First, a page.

Women in Trouble has an eye-catching, well-designed front cover that adds to one of the movie's theatrical posters, but I'm not sure how well it advertises the actual movie. I suppose the film itself is pretty sexy, although I bet there are going to be some annoyed viewers discovering it's all talk and no action. There will also probably be some annoyed Joseph Gordon-Levitt fans, since the guy gets billing, and, thanks to those additions made to the cover, his picture on the packaging, but he only has one scene in the movie, and it comes after the credits (so don't turn it off when it looks like it's over!). The back cover, on the other hand, is weak: too much empty space, and a photo that implies that the women in this movie all know each other, as if it's an amped-up "Sex and the City". There is no insert, and the disc is black, with the title logo on it.

The Video and Audio
Screen Media's 1.85:1 anamorphic widescreen presentation looks decidedly okay, with reasonable color reproduction, fine detail, and clarity. It's not as polished as I might've hoped for, but it looks like a new movie, and if there were any compression artifacts, I must have missed them. Some scenes and shots look better than others, but I'm sure any unevenness to the quality is inherent to the source. It's worth pointing out that a Blu-Ray version is also available, for anyone interested.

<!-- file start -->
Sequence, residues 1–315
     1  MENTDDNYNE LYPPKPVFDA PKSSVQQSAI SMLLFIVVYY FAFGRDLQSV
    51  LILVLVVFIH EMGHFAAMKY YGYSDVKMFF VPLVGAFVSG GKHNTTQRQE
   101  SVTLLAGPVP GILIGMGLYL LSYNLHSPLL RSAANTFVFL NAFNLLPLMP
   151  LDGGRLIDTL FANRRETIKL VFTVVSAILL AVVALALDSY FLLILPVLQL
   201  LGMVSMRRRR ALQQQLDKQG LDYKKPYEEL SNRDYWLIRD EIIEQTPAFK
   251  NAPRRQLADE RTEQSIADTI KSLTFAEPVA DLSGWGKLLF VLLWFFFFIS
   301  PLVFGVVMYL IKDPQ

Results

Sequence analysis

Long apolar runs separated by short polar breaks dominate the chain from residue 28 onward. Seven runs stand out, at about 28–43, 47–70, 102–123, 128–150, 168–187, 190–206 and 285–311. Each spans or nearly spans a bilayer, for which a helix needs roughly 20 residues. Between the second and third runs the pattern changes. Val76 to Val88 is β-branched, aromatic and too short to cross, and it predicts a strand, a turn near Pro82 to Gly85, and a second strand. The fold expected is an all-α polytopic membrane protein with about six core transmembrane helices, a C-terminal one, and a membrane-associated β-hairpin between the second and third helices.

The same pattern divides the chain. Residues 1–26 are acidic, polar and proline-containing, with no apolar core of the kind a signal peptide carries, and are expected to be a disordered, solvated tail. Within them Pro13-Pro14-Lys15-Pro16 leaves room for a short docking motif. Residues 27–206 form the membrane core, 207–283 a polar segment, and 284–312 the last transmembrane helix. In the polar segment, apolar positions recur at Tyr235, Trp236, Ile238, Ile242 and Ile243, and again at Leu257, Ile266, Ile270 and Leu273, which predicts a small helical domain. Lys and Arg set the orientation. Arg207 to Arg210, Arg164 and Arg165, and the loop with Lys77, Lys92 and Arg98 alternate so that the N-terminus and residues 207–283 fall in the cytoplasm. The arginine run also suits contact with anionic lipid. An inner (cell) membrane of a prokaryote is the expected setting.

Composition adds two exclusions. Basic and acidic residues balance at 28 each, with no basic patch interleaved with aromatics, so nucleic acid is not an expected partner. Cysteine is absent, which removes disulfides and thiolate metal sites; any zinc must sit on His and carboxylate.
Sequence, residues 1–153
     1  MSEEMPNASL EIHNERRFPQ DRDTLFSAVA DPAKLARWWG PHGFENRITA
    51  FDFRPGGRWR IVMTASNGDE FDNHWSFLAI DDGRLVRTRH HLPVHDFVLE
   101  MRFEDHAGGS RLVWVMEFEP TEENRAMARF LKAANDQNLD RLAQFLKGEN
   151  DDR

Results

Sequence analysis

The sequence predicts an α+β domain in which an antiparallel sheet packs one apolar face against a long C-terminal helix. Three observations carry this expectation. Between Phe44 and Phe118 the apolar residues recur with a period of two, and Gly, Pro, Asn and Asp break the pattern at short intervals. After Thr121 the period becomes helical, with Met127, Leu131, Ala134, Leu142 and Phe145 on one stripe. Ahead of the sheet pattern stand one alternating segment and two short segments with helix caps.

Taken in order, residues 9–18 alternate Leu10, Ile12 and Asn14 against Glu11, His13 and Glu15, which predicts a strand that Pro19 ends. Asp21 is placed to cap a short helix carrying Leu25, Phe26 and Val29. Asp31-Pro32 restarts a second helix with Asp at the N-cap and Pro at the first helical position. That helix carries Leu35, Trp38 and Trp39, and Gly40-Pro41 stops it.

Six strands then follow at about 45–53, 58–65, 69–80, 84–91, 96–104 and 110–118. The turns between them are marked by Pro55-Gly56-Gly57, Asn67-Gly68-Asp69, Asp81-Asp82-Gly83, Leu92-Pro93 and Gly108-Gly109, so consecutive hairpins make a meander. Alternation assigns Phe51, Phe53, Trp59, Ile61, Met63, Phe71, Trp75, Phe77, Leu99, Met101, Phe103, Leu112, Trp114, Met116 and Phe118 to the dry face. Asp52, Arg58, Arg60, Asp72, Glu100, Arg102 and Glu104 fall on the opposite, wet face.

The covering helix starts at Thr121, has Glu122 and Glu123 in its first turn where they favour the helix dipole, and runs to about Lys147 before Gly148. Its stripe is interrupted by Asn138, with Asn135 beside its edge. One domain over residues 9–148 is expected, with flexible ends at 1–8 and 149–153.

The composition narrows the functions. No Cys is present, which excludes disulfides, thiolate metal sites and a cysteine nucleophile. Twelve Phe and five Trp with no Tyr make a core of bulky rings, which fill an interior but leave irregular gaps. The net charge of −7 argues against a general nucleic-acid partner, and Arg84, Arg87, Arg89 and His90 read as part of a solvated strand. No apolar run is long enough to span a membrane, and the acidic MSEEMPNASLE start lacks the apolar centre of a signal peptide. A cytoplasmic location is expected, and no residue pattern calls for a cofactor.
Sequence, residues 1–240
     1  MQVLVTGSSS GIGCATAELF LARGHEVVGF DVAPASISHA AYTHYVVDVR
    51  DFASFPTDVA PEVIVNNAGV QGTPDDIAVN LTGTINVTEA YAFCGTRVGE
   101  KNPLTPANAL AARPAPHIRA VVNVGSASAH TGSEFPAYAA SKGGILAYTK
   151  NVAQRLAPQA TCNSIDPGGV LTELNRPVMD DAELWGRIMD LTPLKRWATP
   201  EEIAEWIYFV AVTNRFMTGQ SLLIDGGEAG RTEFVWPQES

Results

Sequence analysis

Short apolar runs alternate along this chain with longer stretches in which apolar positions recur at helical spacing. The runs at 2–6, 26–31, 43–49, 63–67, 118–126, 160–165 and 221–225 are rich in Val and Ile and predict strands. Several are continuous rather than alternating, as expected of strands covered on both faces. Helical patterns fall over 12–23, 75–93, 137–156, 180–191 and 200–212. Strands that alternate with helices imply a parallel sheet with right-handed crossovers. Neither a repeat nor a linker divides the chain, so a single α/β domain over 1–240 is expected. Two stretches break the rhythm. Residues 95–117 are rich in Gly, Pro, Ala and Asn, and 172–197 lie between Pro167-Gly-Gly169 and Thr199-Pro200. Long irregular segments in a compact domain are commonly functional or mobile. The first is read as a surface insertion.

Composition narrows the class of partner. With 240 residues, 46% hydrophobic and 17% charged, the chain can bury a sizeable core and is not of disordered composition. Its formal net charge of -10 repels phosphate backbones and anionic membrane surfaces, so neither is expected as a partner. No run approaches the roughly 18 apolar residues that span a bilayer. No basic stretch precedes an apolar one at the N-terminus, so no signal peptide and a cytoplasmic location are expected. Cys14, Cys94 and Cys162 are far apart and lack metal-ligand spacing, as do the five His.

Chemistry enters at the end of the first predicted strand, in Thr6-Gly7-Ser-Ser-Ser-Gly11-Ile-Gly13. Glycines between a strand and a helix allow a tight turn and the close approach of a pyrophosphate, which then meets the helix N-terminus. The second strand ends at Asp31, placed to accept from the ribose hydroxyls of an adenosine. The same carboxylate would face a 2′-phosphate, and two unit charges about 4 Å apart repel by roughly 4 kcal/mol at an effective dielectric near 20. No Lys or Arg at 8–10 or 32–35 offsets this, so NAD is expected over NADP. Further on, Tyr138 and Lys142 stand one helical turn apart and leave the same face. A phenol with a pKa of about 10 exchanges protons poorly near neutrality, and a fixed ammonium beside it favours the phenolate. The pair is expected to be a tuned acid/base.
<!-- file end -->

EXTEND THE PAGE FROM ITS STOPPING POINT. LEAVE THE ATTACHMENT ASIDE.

The film's Dolby Digital 5.1 track sounds equally unremarkable. This is a film about people talking, and except for the occasional quick-cut montage, and a song being played by a bar band, the rear channels don't get much of a workout. English subtitles are provided, and I caught two small typos (one where a British character saying "flirting" is subbed as "floating" -- are the subtitle people working phonetically?).

The Extras